Email this article to a friend Open a printer-friendly version of this article (i.e. no nav bars, excess graphics, etc.)

PAGE 2 OF 3  

Surgical Treatment

The procedure of arthroscopically removing internal knee joint scar is often long and tedious. Sometimes the joint is packed so thickly with scar tissue that removing it is akin to a slow, meticulous archeological excavation process. The normal internal joint anatomy must be carefully exposed, millimeter by millimeter, as the scar tissue is gradually cut away and removed. All of the internal joint spaces that are normally present should be opened up and restored in this fashion prior to attempting knee manipulation (see FIGURES 1a, 1b, 1c). The lateral retinaculum (capsular envelope ligament just to the outer side of the kneecap) is often especially contracted and tight, and usually must be surgically released (divided) at the same time.

FIGURE 1a -Arthroscopic view during an early stage of a scar resection procedure in a patient with severe knee arthrofibrosis. This patient's entire internal joint space was filled up with tough, fibrous scar tissue (the white, fluffy/fibrous material seen in this photo), which is nearly all that can be seen here! An arthroscopic tissue resector instrument has removed some scar already, creating a small, open "working space", which is where the lens of the arthroscope was situated when this picture was taken. The resector is then used to progressively remove more and more scar tissue, gradually enlarging the working space, until an anatomic landmark (such as one of the femoral condyles) is uncovered.
FIGURE 1b - Arthroscopic view of the same patient's knee, but further along in the procedure. In the background you can see that the arthroscopic scar resector (shiny metal object to the left) has uncovered a portion of the smooth, white femoral condylar surface, marked with an "F". Once such a landmark is identified, the surgeon can then more safely and effectively "excavate" the rest of the knee joint's anatomy out from the mass of scar tissue that has engulfed it. The goal is to open up all of the internal joint spaces to normal or near-normal dimensions, fully exposing the normally free and unencumbered intra-articular joint structures.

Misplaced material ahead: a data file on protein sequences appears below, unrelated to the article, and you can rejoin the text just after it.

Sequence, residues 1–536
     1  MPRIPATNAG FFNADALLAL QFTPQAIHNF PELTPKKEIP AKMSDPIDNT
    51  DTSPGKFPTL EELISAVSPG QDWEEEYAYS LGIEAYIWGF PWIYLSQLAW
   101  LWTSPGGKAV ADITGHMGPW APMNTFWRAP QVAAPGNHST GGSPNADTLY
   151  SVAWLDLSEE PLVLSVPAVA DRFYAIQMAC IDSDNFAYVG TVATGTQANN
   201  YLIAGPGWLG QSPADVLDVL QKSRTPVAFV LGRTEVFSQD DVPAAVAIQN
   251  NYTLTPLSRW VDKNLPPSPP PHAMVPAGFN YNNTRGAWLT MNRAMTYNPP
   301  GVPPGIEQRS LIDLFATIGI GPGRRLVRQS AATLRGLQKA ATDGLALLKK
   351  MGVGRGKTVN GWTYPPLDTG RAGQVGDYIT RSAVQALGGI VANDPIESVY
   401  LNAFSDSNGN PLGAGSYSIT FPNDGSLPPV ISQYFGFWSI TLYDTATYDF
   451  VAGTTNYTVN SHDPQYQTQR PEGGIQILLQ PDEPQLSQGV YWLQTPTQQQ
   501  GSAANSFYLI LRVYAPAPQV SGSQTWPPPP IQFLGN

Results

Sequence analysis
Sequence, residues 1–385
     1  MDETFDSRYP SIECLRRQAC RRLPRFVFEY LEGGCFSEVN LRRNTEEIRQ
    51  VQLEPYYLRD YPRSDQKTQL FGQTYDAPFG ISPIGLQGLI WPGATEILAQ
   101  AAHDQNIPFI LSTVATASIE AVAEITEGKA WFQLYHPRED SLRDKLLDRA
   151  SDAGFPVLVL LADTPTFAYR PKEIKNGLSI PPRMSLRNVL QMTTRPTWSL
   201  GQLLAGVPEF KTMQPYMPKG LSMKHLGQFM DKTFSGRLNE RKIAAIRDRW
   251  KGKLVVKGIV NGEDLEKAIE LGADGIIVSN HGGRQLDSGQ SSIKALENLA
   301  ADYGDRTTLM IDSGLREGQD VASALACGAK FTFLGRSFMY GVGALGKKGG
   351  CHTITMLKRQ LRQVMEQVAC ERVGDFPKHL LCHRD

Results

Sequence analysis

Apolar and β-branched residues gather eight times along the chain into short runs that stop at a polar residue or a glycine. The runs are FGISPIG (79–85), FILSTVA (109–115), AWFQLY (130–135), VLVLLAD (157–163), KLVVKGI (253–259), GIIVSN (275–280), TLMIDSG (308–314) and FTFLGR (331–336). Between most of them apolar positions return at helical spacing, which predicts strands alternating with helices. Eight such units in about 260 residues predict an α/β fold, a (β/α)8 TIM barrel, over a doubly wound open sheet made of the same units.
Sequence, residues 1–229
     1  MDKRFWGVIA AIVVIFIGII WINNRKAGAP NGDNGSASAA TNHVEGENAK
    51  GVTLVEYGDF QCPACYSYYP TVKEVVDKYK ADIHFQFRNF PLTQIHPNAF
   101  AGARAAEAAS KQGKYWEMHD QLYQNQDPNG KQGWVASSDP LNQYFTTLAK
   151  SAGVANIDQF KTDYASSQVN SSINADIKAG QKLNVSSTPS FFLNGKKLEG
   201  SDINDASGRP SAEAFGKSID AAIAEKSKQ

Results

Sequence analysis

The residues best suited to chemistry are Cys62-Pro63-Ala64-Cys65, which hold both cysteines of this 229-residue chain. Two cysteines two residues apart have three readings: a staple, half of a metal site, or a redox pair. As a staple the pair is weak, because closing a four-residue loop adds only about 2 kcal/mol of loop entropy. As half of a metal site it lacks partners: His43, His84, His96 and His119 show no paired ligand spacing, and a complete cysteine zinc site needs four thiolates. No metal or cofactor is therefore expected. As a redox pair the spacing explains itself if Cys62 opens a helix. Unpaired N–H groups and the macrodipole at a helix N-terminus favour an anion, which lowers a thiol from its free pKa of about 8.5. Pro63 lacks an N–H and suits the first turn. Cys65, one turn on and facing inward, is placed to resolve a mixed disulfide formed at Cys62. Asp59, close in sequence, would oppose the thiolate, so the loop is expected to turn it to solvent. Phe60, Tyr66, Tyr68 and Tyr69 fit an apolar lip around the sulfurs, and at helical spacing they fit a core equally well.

FIGURE 1c - Arthroscopic view of the same patient's medial joint compartment at the conclusion of the case. The normal, internal joint space has been restored and the medial femoral condyle has been completely released from its enveloping scar tissue cocoon. Similar work has also been done in other knee compartments, in combination with a retinacular release. At this point, the knee is tested to see what free range of motion it has, and if necessary, joint manipulation and stretching are performed to restore the range of motion to normal. With almost all of the internal scar tissue that was formerly restricting the joint removed, the joint manipulation procedure will require significantly less applied force to regain the same range of motion, thus reducing the chance of an inadvertent femoral or tibial fracture.

In severe cases where the posterior (rear) capsule of the knee is also tightly contracted, thus restricting full knee extension (straightening) despite attempted knee manipulation, an open (non-arthroscopic) posterior capsular surgical release may be required. A technique using a small lateral knee incision may be utilized to minimize surgical dissection trauma directly behind the knee as well as skin scarring.


® 2007. The Knee and Shoulder Centers of New Jersey and Pennsylvania.